Despite Robin’s protests that Stigwood had assured him that Lamplight would be the album’s lead single, ahead of Barry’s First of May, and cover artwork (above) seems to support that decision, it was really a no-brainer, Lamplight was ponderous, with hymnal harmonies, stop-start guitars, and the absence of an engaging hook upon which to hang Robin’s soaring vocals, there was in fact a stronger case to be made for Robin to have performed lead vocals on First of May, instead of Barry.
Never the less First of May was only a moderate hit in Australia (#13) and the US (#37) but did better in the UK at #6, the album Odessa only performed moderately, #20 in USA, #10 in UK, and #13 in Aust, but has been re-evaluated more favorably in recent years.
After collapsing with nervous exhaustion following his split from the band, and successfully resisting an attempt by his parents Barbara and Hugh to make him a ward of the court due to his perceived addiction to amphetamines, Robin recovered to record his first solo album Robin’s Reign. The title is clearly a swipe at big brother Barry who he blamed for marginalizing and under-valuing his contribution to the Bee Gees work, this was Robin’s declaration of independence.
Saved by the Bell was released in August 1969, it is strikingly similar in structure to a former Bee Gees hit, I Started a Joke, and lyrically somewhat banal and repetitive, “I cried for you” hammered home the grief and loss that he was feeling. Robin’s plaintive vocals combined with an infectious melody, and the accompaniment of brother Maurice on piano and backing vocals, produced a hit record which, unsurprisingly, sounded like a Bee Gees single, and it charted at #2 in the UK and #7 in Aust, but bombed in the US at #87.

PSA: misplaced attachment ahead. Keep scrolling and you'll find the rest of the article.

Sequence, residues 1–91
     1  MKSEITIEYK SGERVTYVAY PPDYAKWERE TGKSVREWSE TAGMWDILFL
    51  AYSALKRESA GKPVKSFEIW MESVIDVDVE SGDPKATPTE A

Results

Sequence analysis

At the same time Robin’s siblings Barry and Maurice also scored a #2 hit in the UK and top 10 in Australia with the country-tinged Don’t Forget to Remember, which featured sweeping strings, Barry’s Nashville drawl, but it was the only hit single lifted from their Cucumber Castle album, the first the brothers had made without Robin.The single bombed in the US at #73 but others felt that in the hands of genuine country artists, it could have been a bigger hit Stateside.
The third single lifted of Cucumber Castle, after If I Only Had My Mind On Something Else had bombed globally, was the Bee Gees first foray into world music, with the African-influenced I.O.I.O, written by Barry and Maurice during the period of Robin’s absence from the group, and inspired by a recent visit to Africa by Barry. The title I.O.I.O. was derived from the calls on the chorus sung by Maurice accompanied by Colin Petersen’s drumming, Barry sang the verses and played guitar. Former Bee Gees guitarist Vince Melouney was featured, as he had played on the song’s first session in June 1968 during the sessions for the album Idea, but as he left the group following the Odessa album he was not present when the song was finalised in late 1969. Pentangle drummer Terry Cox added drums on the final session, and the song was notable for being the only Bee Gees A-side single to feature any vocal solos from Maurice Gibb, these being the I.O. chant, it was a top ten hit throughout Europe and South America, but only charted #14 in Aust, #49 in the UK and #94 in the US, however it did become a live performance favourite.
The band continued to fracture with the sacking of drummer Colin Petersen who famously stated that the band would not be able to continue without him. In 1971 the brothers would re-form and subsequently confirm that the sum of their parts was far greater than the individual contributions of each brother outside the family circle.